It was a hot, sticky morning, Michigan style, the big lake perspiring mist, like all of us, while we struggled to pull on tight bike shorts. Our legs and behinds turned into polish sausages, stuffed in a casing, ready to hold in all our juices and sweat. The North Country Trail hosted our riding group of four, starting at the M-20 trail head. We were headed to Nichols Lake Campground near Bitely, tucked in the Manistee National Forest. NCT single track winds around pine and hardwood forest, bog, inland lakes, through briar and leafy patches and in/out of the baking sun. At the trail head lot, we geared up, adding helmets, bike cleats, sunglasses, sunscreen, Camelbacks and snack bags to our already simmering sausages. We needed all these ingredients to survive 15+ miles of hilly, rooted and rutted natural terrain.
We set off, rolled over M-20 blacktop and into the woods, the trail engulfing us in a steamy canopy of leaves and tall trees. Immediately, sweat rolled off my forehead, down my nose and dripped on to the packed dirt trail below my pedals. Thankfully, a benefit of biking is the self-generation of a breeze. Pedal faster, I thought, it will keep me cool. My theory worked until my quads started to cramp at mile eight. I kept my companions in sight as we swooshed by hardwoods, around banked corners and up a slowly-ascending ridgeline. My gears went down and my body temperature went up. Sunglasses steamed and slid to the tip of my nose, like I was a middle-aged woman, leaning forward, anticipatory, reading a seedy romance novel.
To say we arrived sweaty and tired to Nichols Lake was an understatement. We were wrecked, drenched in sweat, starving and literally collapsed on a rickety picnic table. A barrage of vitamin drinks, salty snacks and tales of trail domination, eventually brought smiles and laughter from four tortured friends. Only nature’s call to the ladies bathroom took me away from reveling over stories of our near-misses with hardwoods.
I walked a short distance and pushed my way through a wooden screen door and found a stall. Instead of my usual hover, I decided to sit and pee, resting my aching quads. I pulled down at my sausage casings, struggling with the Spandex against my still sweating skin. Wrestling them down finally, I bent and locked eyes on to a 1 ½” shiny, dark, wormy-looking object, perched just above my unmentionables. I shrieked, high-pitched and horrified, like a teenager being chased in a horror film. Panicked and still yelling, my fingers flicked at the glistening thing. Dear god how did I get a leech get in my pants? I knocked it hastily off my body to the green-painted cement floor. Pulling in quick gasps, completely grossed-out to have a varmint near my privates, I leaned down toward the floor for a closer look. Almost kneeling and watching intently, it didn’t move. The shine and glisten were now gone. I was perplexed. What is it? Closer still, almost touching the “creature,” I realized it was not a leech, rather the inanimate black-rubber earpiece from my sunglasses. What the hell and how did that get there? I picked it up and examined it for final non-leech confirmation. Shrieking turned to a loud exasperated chuckle, followed by an embarrassed admission to three friends.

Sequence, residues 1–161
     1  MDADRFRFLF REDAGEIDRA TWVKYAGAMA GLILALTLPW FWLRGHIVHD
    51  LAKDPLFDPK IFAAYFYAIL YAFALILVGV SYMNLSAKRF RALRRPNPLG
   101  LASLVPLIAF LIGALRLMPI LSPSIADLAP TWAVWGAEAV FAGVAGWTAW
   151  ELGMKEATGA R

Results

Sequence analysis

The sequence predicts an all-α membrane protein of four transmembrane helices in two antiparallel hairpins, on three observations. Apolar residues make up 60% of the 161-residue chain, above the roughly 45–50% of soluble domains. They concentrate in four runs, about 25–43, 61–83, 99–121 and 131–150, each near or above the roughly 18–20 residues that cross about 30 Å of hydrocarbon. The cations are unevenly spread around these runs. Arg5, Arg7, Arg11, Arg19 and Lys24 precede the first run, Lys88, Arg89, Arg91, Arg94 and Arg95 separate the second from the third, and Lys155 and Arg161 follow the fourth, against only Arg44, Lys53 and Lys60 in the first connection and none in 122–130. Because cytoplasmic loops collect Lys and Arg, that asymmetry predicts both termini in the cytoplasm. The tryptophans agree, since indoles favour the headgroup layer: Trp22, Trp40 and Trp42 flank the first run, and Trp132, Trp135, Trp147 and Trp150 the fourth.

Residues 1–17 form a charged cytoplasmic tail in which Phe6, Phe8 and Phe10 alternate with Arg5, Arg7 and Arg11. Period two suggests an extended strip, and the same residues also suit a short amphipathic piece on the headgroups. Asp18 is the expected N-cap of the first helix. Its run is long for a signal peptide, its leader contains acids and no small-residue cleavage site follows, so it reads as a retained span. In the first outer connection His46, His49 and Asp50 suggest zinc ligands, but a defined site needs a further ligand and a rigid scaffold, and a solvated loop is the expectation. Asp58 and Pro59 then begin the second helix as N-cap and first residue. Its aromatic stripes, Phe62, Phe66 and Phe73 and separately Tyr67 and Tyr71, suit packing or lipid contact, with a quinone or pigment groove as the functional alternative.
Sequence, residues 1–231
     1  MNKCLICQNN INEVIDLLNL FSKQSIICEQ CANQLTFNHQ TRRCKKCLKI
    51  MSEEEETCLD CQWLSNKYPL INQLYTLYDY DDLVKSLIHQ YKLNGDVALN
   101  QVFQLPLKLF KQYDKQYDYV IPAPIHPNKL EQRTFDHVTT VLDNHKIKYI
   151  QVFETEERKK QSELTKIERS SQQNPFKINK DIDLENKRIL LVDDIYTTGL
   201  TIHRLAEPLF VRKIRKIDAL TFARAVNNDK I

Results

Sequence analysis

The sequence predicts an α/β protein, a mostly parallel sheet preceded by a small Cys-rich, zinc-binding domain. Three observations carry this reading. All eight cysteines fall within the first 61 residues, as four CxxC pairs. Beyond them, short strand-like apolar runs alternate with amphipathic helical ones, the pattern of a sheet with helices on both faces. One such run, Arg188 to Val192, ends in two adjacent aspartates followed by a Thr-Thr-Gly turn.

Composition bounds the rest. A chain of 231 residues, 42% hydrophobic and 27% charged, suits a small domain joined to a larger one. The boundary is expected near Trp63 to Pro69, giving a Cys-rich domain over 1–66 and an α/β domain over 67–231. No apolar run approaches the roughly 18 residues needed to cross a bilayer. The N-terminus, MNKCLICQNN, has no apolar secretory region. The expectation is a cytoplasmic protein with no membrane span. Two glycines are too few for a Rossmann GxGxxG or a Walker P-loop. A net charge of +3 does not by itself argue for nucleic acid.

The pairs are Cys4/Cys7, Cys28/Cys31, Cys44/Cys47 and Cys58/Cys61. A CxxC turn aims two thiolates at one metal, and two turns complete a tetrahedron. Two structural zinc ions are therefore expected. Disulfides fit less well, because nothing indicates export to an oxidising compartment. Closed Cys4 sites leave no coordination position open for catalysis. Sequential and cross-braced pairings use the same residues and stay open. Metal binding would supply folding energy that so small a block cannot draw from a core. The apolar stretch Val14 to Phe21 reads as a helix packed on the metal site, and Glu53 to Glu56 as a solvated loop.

Bike shorts don’t have pockets. Off my bike, before my foray to the ladies room, I had stuffed one arm of my sunglasses down the front of my shorts to prevent losing them. I pulled them out, left them on the table, which deposited the culprit unknowingly. I didn’t lose my sunglasses, but almost lost my wits over a leech near my minge.